During 1936 he moved to Ireland which he knew well from holidays. He lived briefly in Dublin. He allegedly bought a horse & caravan that took six weeks to reach Gougane Barra, Co. Cork, where he settled in his caravan.  Cross  used an hotel opposite St Finbarr’s Retreat for meals.  Thus he immersed himself in the life of the local community.  (Hourican ,Dempsey) [ix]

Cross returned to live in Ireland in 1936. He renewed an acquaintance with Fr. Tim Traynor (a curate in Sandycove Dublin )  Fr. Traynor also knew the tailor in Gougane Barra. [x]

The Tailor

During 1939 Eric travelled to Cork.  He became part of a group that included Seamus Murphy, stone mason & sculptor, Nancy McCarthy, another chemist from Douglas, Captain Seán Feehan, founder of The Mercier Press  also Father Tim Traynor.  Gougane Barra was frequented by the group: who were drawn to it by the famous couple (known as the Tailor & Ansty) Timothy & Ansty Buckley.   Later Eric Cross purchased a horse drawn caravan, then moved it to Gougane Barra in West Cork.  During an interview in 1976 Eric Cross recalled his first meeting with the tailor in Gougane Barra. ‘I was in Cork City and I hired a bicycle and set off, it was a fine summer’s day and by the time I got as far as Gougane Barra it was getting dark.  I met the Tailor on the way.  He was sitting on the side of the road outside his cottage.  He asked me in for a heat of the tea.  Something drew me to him, the broadness of the man must have impressed me in some way.  It is very hard to put a word on it but I had a sort of feeling that I knew him.’  Eric Cross’s publication was a result that he listened several nights to the Tailor’s stories. [xi]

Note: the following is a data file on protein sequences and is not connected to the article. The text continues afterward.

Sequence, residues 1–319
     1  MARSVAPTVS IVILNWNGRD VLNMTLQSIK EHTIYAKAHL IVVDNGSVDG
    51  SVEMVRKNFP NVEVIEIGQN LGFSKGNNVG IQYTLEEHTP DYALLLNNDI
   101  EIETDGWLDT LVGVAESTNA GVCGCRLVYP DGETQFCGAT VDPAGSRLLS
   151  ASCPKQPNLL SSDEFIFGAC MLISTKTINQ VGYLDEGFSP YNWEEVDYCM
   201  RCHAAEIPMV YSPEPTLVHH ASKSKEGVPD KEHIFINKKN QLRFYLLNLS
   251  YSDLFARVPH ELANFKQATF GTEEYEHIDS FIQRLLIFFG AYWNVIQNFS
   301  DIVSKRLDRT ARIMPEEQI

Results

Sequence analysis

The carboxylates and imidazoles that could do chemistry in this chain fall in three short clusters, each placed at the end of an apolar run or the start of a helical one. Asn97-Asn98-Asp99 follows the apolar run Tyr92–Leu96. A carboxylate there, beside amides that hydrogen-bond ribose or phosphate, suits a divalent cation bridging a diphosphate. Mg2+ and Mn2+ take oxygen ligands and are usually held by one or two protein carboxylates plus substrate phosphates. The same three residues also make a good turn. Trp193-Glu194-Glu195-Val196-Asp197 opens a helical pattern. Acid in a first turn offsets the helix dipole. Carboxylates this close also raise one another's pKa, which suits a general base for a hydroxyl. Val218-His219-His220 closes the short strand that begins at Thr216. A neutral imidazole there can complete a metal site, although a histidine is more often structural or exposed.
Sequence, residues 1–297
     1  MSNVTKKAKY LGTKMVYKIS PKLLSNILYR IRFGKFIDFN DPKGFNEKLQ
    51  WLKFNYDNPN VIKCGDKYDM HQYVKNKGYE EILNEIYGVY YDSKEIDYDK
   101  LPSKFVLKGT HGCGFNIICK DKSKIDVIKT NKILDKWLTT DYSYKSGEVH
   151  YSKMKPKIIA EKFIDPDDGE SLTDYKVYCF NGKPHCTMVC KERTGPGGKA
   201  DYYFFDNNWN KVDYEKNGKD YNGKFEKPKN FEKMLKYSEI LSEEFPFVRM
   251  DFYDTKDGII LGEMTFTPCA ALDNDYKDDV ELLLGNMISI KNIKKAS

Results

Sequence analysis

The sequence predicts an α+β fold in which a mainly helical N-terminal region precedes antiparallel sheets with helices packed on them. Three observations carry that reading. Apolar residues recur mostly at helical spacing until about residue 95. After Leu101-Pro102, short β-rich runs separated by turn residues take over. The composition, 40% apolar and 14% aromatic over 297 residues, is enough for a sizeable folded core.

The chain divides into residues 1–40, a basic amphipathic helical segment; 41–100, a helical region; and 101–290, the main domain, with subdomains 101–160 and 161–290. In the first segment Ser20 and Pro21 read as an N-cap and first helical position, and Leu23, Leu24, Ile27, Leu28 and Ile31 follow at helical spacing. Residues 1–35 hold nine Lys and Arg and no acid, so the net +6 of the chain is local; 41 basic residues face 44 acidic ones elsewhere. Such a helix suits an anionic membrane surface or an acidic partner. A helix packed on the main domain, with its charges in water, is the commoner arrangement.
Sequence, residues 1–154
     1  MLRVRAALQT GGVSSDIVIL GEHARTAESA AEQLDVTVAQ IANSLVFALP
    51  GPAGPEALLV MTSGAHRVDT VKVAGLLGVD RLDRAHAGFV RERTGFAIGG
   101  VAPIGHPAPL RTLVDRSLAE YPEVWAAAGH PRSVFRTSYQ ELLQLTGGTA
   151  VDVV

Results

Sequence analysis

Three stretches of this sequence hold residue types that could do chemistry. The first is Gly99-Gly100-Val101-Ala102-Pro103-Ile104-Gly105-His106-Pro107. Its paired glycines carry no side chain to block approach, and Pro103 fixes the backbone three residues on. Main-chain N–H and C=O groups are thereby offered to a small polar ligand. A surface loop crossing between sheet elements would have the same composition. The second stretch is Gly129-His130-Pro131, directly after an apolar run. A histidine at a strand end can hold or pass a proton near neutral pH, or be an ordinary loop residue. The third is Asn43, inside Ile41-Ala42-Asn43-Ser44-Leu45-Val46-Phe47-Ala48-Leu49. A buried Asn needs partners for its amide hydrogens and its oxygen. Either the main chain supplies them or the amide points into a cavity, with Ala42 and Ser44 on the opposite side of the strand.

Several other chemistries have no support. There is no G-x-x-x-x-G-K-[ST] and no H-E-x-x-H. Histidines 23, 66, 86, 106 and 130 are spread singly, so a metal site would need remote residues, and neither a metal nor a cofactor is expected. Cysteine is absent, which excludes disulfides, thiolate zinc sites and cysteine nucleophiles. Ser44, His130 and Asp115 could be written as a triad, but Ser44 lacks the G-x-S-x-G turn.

Controversial Book

While he lived at Gougane Barra during 1942 Cross published The Tailor and Ansty  in the Bell. The book was banned by the censorship board under de Valera’s Government.  This ban remained in place up to the 1960’s.  Eric Cross recalled in an interview in 1976 his initial meeting with the tailor.  Seanad Eireann held a debate on the controversy during 9th December 1942 vol 27: (

Eric Cross defended this book in a letter to The Irish Press published on 15th October 1942 (page 3 ) with this  ‘ I wrote the book, The Tailor and Ansty about a man who has been my friend for many years.  The Manuscript, before publication, was read by many other friends of the Tailor.  When published it was received with gratitude by them and was reviewed historically by every Irish Paper without any exception or objection.’ This book was adapted for the stage by P. J. O’Connor during 1968.  Conal Creedon stated that a radio adaption Broadcast for R.T.E. had a cast headed up by Niall Tobin.  This is now regarded as a classic; it has premiered in The Abbey Theatre & throughout the country.  [xii]